We don’t have time to mourn; we have to prepare. Mourning is not something that’s part of the strategy moving forward. You have to accept what has happened and begin to organize yourself to resist.
We have to make sure we are paying close attention to everything that’s happening on the local, state and federal levels around policies, and around other things that we may have normally begun to take for granted as these things begin to be rolled back.
Whether you’re talking about Title I money for our kids in inner-city schools or health care or housing issues, all these things could possibly become exacerbated in terms of the problems they present. We really have to be attentive to and astute regarding what’s happening, and be participatory. Coming out to the events, being involved in whatever it is that you need to be involved in.
We absolutely need to be involved in schools, particularly since many districts around the country are funded through property taxes. With less money going to districts for programming, cities that have very weak tax bases are going to be affected tremendously. With Betsy DeVos, Trump’s pick for secretary of education, I would imagine less money for public schools and more money for privatization, vouchers and charters. It’s going to affect not only the kids in the schools, but it’s going to begin to affect you because as they have less money, they’re going to have to find money elsewhere.
Now more than ever, our community needs to look inward and become more unified. People thought if there were 10 items and we disagreed on two, we had the luxury to walk away and say, “I don’t want to participate anymore,” which is ridiculous. So now we have to begin to struggle with one another but remain supportive of the overall agenda.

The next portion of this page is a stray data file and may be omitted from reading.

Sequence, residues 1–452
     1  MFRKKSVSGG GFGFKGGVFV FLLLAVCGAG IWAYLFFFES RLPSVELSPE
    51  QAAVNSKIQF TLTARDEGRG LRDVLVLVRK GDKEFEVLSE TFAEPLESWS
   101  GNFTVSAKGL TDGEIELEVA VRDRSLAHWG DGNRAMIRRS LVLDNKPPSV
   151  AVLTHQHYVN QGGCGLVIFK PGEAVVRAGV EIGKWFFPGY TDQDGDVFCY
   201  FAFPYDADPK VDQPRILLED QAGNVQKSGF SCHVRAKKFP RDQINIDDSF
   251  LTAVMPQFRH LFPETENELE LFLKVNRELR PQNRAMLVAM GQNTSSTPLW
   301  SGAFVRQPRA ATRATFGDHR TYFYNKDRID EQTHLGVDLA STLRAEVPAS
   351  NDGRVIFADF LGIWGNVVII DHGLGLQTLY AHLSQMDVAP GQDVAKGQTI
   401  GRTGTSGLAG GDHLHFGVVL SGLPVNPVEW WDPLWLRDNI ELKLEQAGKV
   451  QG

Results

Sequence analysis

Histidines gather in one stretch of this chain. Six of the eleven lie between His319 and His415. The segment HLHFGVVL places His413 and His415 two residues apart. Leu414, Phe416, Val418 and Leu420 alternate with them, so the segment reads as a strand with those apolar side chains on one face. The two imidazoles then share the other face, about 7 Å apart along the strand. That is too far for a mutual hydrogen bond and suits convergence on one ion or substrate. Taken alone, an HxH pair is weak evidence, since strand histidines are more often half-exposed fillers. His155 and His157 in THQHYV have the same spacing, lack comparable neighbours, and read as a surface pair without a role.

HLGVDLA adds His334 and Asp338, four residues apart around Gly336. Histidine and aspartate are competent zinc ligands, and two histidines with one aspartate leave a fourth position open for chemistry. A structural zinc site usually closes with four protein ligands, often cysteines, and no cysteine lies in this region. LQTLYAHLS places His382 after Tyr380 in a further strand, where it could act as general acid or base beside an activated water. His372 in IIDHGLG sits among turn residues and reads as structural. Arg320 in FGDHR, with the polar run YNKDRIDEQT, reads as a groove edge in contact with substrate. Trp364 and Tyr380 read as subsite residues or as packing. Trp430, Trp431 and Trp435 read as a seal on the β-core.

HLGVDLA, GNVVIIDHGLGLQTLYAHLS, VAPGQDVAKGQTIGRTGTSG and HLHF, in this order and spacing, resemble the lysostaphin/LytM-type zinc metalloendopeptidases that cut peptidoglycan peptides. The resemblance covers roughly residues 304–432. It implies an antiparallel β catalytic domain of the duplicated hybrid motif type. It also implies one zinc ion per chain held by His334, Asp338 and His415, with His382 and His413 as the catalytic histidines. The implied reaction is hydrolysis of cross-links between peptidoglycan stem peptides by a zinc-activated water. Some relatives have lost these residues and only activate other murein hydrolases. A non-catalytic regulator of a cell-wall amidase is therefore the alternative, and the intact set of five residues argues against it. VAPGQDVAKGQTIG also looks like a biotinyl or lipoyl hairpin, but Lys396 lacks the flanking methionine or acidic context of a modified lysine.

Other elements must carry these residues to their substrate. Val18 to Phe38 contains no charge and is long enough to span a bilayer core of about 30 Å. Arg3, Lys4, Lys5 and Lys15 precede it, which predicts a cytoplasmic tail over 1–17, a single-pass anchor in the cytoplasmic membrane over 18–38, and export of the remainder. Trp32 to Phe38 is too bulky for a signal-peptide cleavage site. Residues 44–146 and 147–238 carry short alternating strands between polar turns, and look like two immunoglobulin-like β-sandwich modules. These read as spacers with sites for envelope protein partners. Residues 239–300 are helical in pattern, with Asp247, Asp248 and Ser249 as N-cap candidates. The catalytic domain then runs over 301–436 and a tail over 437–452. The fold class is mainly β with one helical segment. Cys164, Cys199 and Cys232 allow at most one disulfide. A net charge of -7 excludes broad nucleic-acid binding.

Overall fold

In the age of a Trump election, we’re going to understand that we need a united front. This kind of singular focus and narrow-minded concept that you have to believe in and agree with everything I believe and agree with is hurtful in this age. It doesn’t mean that we give up debating and struggling with one another, but we cannot give up the entire organization or support for one another. We cannot damage that for our individual ideas or beliefs.
We have to continue to organize, and I think Black Lives Matter and all those folks have to continue to do what they’re doing. But you have to be more cautious as you open up the tent because you’re now potentially organizing in an environment where an intensification around COINTELPRO, the FBI’s counterintelligence program, begins again, around folks monitoring you and trying to clearly disrupt and destroy your organization.
You’re talking about Jeff Sessions [another Trump cabinet pick], a guy who says the NAACP is an un-American organization, as attorney general. Even the rhetoric that Trump uses—I’m thinking the word “patriots”—that’s the same rhetoric that existed around the Red Scare and the Cold War, that disrupted and destroyed people’s lives, particularly among activist communities. You have people in jail today, people were killed, their lives were destroyed because of an active movement to destroy their organizations. That is more than plausible now, and people have to be prepared for that.
The only thing I think is a saving part of it is that there are people still around who went through that period. Young people don’t have the luxury of just organizing without talking to or referring to elders in our community who have been through these things.
People should get involved in organizations (or start their own), whether it’s the NAACP, the Urban League or the progressive church organizations. If they’re not doing what you think they should be doing, you need to get in there and make them do that, or create an additional organization. Organizations that are already out here and have infrastructure are easier to become a part of and to push, as opposed to sitting home criticizing it. That’s a lesson that we should learn from the tea party: You have to get involved in that thing and push it. It’s important to get those organizations moving on our behalf very quickly.
This whole idea about giving Trump a chance—I understand these people’s necessity to preserve the system at all costs, but we can’t give him a chance. That’s like allowing people to punch you first. They may punch you, and you may not get up.
As told to Liz Dwyer.
Ras Baraka is Mayor of Newark, N.J.
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